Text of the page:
Notes:
Found growing in the grass, just a few feet away from the curb at the intersection of Kaneohe Bay Drive and Mokapu Road in Kailua, Hawaii.

Found on a sunny day after several days of heavy rain. No tree cover at all.

Has a very mild, fruity scent.

5" long with a distinct, deeply scalloped edge around the cap.

Images

Proposed Names

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Comments

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Chlorophyllum molybdites (G. Mey.) Massee
By: Jeanne (inanotherlife)
2018-11-08 18:45:45 CST (-0600)

And…“else” comes in with a likely winner! I think these resemble my mushroom much more than any of the Leucoagaricus Locq. ex Singer do.

The markings on the caps are especially similar here:
Observation 243713: Chlorophyllum molybdites (G. Mey.) Massee
Observation 95905: Chlorophyllum molybdites (G. Mey.) Massee

And these even have some suggestion of scalloping:
Observation 563: Chlorophyllum molybdites (G. Mey.) Massee
Observation 314283: Chlorophyllum molybdites (G. Mey.) Massee

Thank You
By: Jeanne (inanotherlife)
2018-11-08 18:04:23 CST (-0600)

When I was very young, my grandmother had just one volume of an expensive encyclopedia set. It was volume “M.” It had about 10 pages of full-color picture plates of mushrooms. Whenever we visited her, I would spend most of my time looking at those bizarre, exotic organisms. I didn’t really know what they were but I knew that they were something magical.

It’s been fun and interesting finding this site and I thank those who commented and helped me identify my mushroom. I intend to look for more specimens and post them here.

Hi Jeanne
By: jeff (theoneje)
2018-11-08 17:22:49 CST (-0600)

I meant that it was likely dried up when you found it and I believe the scalloping/flower appearance is due to environmental conditions rather than some innate feature of the mushroom (not to say that I am necessarily right, but this is not that uncommon).

Similar Shape
By: Jeanne (inanotherlife)
2018-11-07 22:37:28 CST (-0600)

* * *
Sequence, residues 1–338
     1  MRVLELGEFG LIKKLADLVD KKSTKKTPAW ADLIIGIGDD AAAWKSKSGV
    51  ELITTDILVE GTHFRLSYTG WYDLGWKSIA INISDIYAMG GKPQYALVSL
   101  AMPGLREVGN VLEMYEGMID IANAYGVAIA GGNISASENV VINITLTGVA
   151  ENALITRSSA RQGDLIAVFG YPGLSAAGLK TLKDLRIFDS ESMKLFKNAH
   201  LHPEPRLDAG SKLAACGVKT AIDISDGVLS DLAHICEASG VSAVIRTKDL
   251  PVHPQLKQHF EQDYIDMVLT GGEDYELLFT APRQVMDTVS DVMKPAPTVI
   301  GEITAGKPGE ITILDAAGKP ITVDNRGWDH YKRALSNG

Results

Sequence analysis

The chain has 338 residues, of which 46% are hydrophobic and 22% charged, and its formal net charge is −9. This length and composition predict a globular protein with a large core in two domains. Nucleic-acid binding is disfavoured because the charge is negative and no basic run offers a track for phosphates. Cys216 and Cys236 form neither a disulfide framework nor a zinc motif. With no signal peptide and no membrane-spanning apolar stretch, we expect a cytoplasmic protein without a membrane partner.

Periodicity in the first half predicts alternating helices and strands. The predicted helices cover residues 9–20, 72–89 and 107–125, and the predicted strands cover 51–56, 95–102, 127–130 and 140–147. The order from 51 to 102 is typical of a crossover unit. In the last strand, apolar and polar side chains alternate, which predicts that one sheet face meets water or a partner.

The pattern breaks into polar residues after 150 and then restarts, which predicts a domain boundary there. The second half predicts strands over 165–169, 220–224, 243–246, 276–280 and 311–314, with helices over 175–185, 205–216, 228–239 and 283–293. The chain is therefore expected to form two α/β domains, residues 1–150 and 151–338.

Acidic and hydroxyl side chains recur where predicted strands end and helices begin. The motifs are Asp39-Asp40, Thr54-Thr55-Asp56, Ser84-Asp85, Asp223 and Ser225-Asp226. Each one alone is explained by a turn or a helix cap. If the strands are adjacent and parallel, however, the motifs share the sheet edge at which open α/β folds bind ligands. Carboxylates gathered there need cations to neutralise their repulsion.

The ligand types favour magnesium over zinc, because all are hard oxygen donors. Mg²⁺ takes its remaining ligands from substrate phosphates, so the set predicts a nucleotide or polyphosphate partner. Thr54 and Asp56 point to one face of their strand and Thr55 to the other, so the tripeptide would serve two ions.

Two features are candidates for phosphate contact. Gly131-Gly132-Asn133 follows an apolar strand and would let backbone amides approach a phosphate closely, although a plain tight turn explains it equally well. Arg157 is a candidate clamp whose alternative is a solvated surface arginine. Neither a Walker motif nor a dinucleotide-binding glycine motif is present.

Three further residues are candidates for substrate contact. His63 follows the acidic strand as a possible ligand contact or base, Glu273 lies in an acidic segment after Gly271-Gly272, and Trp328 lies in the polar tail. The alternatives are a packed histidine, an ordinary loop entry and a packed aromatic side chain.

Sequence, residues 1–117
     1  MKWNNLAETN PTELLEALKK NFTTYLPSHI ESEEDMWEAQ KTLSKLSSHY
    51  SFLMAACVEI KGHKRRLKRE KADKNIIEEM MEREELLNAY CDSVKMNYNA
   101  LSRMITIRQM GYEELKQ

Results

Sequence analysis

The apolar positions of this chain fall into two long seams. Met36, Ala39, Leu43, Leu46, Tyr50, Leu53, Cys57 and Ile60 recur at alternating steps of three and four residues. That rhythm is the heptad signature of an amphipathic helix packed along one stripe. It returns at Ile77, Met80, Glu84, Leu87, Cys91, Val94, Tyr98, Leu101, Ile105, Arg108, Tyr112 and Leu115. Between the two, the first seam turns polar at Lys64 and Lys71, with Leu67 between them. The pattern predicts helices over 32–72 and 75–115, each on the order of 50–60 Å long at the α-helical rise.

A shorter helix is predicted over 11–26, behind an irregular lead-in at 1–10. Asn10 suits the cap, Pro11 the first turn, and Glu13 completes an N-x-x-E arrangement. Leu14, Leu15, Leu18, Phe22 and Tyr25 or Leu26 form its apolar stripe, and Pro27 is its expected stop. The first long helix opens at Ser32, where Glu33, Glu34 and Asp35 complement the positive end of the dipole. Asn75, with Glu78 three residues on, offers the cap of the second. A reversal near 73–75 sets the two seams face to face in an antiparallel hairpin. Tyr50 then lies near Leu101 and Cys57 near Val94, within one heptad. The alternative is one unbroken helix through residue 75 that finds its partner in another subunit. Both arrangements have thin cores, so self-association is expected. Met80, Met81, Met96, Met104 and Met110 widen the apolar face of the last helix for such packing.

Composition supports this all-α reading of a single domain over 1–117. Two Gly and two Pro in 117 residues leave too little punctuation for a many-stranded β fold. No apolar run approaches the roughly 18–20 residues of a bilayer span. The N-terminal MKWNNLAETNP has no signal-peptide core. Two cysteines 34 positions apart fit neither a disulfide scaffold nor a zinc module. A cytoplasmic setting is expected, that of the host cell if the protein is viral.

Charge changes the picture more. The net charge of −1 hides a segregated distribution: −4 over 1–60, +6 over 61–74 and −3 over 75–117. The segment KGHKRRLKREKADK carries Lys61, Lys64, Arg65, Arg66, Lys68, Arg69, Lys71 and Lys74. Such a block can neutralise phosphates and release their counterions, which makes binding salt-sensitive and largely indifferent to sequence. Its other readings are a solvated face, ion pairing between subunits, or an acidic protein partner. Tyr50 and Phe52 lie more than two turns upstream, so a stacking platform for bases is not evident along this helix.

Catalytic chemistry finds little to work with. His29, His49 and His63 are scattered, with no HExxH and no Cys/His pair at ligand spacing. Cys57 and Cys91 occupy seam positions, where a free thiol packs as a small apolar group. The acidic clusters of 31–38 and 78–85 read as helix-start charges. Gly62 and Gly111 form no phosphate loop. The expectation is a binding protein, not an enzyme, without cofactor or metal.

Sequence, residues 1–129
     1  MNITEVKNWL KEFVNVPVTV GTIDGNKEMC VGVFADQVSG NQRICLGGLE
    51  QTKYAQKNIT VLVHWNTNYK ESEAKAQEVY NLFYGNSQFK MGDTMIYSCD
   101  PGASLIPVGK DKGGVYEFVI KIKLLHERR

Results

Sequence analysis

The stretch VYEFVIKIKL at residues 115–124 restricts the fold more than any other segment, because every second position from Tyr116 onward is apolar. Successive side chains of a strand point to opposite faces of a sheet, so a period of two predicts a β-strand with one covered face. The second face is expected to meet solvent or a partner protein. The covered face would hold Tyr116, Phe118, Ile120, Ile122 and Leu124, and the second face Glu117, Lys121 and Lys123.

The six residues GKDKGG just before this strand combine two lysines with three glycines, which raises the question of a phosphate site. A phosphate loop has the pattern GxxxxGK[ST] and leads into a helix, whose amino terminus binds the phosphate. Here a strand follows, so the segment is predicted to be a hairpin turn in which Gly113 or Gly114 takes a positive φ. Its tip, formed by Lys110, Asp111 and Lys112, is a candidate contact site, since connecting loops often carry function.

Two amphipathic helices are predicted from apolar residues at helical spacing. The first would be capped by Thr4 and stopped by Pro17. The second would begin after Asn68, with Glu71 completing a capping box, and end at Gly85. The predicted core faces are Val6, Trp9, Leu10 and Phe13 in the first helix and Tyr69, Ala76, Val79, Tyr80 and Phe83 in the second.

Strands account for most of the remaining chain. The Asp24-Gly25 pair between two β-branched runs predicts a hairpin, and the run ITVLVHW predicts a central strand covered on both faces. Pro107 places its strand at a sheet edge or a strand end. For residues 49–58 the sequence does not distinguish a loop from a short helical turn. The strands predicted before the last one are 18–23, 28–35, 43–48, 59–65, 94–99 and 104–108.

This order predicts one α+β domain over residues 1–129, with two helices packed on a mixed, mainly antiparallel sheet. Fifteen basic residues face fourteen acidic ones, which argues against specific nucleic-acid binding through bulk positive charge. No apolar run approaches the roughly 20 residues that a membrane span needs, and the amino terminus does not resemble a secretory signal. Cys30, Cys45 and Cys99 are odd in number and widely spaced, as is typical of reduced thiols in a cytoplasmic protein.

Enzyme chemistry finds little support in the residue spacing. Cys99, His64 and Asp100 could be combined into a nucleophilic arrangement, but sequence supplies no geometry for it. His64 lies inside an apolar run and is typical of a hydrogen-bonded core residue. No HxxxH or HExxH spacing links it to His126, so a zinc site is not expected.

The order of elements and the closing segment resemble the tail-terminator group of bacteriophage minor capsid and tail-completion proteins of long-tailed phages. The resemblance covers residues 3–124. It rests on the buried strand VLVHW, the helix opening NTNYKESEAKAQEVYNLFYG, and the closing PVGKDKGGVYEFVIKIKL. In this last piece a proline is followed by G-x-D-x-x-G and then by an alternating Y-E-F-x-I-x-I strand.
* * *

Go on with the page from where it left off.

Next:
After looking at all the photos for Leucoagaricus Locq. ex Singer (here and on Google images), I only found one with a similar shape and with no tearing to form the “petals”:

Observation 55088: Leucoagaricus Locq. ex Singer – from India.

Very lovely but with a concave cap instead of convex and blue staining.

Thanks, Jeff
By: Jeanne (inanotherlife)
2018-11-07 22:06:42 CST (-0600)

I’m not sure what you mean by “dried up/old.” It was still growing in the ground when I found it although it was folded over as if the cap had gotten too heavy for the stem to hold it up. Maybe the stem was drying out?

1) Do you mean that it was “old” when I found it? In other words, that it had been growing for such a long time (mushroom wise) and, maybe, the scalloping was caused by the cap getting so big that the edges split to accommodate the size?

I don’t know if mushrooms “heal” as they grow but the scallops definitely don’t show any signs of tearing (i.e. the edges are smooth and unscarred). It does have that split in the cap, though, which (to me) indicates that the mushroom was very mature.

2) Or do you mean that it was “old” in the sense that it was not freshly picked when photographed? I did carry it around in my backpack from about 11 am until I got home at about 4 pm. and then I forgot about it and didn’t take the photos until about midnight. I was surprised that it didn’t get crushed and still looked pretty much the way it did when I found it except that the stem was darker.

It is so odd-looking to me, almost like a flower. I only remembered to show it to one person who said she had never seen a mushroom like it, either. And it was growing all alone in the middle of a fairly urban area.

I was hoping that someone else might have a similar looking find.

Hi Jeanne
By: jeff (theoneje)
2018-11-07 20:45:18 CST (-0600)

Thanks for sharing your find—nice to see folks posting things from Hawaii. Alan was just suggesting that the mushroom you posted is in the genus Leucoagaricus, which has many species with various morphology. Because you only have one mushroom, it is unclear whether the scalloped edge is a reliable character (doubtful), or because the mushroom is dried up/old which caused it to look like that (more likely). If you find younger/more examples to post that would be great.

RE: Leucoagaricus Locq. ex Singer
By: Jeanne (inanotherlife)
2018-11-07 15:34:57 CST (-0600)

I can see how this has the coloring of Leucoagaricus Locq. ex Singer but, from looking at photos, I can’t see a single one with these distinctive scalloped edges. Is that just how it is with mushrooms?

Seeking Identification
By: Jeanne (inanotherlife)
2018-11-07 14:53:58 CST (-0600)

I’m not a collector. I just happened to see this beautiful mushroom and can’t identify it from photos.